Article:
LONDON (Reuters) - The London Stock Exchange (LSE.L) moved its main trading platform to a faster system, putting past technology glitches behind it just days after launching a bid to buy Canadian exchange TMX (X.TO).
The British exchange has moved its main UK share system to technology provided by Millenium, a Sri Lankan company it bought in 2009, making it faster and more attractive to the rapidly growing business of ultra-fast hedge fund trading.
The migration on Monday is a boost for the exchange after it announced talks with Toronto-based TMX on February 8. It postponed the technology upgrade in November, when a trading glitch prompted the LSE to probe what went wrong amid speculation of sabotage.
“This upgrade is important for the LSE because they can now go after the market-makers and high-frequency guys who are some of the top trading firms in Europe,” said the head of algorithmic trading at a large LSE customer.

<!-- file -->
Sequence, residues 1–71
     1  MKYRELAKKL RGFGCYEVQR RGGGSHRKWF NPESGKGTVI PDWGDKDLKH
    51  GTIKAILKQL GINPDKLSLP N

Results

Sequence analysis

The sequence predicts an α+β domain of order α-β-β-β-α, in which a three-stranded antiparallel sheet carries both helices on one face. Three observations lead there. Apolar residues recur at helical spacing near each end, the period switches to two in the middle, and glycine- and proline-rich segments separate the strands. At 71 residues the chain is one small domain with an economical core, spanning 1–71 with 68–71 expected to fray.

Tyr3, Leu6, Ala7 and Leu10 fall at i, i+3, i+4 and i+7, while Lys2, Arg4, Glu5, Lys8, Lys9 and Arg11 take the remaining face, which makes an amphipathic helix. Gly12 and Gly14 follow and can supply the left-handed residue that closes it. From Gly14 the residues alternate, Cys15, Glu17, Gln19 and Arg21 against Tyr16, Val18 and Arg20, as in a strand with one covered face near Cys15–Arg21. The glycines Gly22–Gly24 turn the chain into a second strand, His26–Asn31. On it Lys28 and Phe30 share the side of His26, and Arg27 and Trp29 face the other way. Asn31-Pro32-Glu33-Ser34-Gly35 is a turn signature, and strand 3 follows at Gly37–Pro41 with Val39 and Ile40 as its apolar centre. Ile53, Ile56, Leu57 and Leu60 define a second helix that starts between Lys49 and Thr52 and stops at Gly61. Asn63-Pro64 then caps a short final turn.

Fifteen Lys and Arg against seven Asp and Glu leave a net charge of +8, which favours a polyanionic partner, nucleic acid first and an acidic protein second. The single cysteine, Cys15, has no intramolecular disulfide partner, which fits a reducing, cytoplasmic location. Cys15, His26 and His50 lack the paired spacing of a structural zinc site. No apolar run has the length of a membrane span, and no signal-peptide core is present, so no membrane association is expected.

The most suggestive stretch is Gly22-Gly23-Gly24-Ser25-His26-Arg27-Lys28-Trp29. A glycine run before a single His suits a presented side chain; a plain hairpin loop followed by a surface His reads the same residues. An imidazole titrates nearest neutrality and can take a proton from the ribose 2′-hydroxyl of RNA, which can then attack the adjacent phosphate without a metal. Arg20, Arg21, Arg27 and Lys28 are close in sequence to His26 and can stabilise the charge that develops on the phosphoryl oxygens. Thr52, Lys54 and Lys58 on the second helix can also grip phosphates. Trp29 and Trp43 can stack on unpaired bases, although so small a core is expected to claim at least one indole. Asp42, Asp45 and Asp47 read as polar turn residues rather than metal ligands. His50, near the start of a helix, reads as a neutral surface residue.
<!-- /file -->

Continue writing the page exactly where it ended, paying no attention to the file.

Ultra-fast and secure trading systems are crucial tools as stock exchanges try to attract high-frequency trading (HFT) clients, hedge funds that make profits by dipping in and out of the market in fractions of a second.
The LSE’s talks with TMX were overshadowed when Deutsche Boerse (DB1Gn.DE) announced last week it was in advanced talks to buy NYSE Euronext NYX.N, in a deal that would create the world’s largest exchange group.
The London stock market has been keen to upgrade its systems to compete with the new breed of tech-savvy rivals, such as Chi-X Europe and Bats Europe, which have taken market share by courting the HFTs who like their speed.
The project was postponed by three months in early November when the LSE probed “suspicious circumstances” that led to a second technical glitch on Millennium in less than a month.
The investigation sparked reports of sabotage, but the LSE said later that human error had caused the crash.
LSE rival Nasdaq OMX said on February5 it had contacted the U.S. Federal Bureau of Investigation (FBI) after finding “suspicious files” on its computer servers which could have affected one of its Internet-based systems.
Editing by Erica Billingham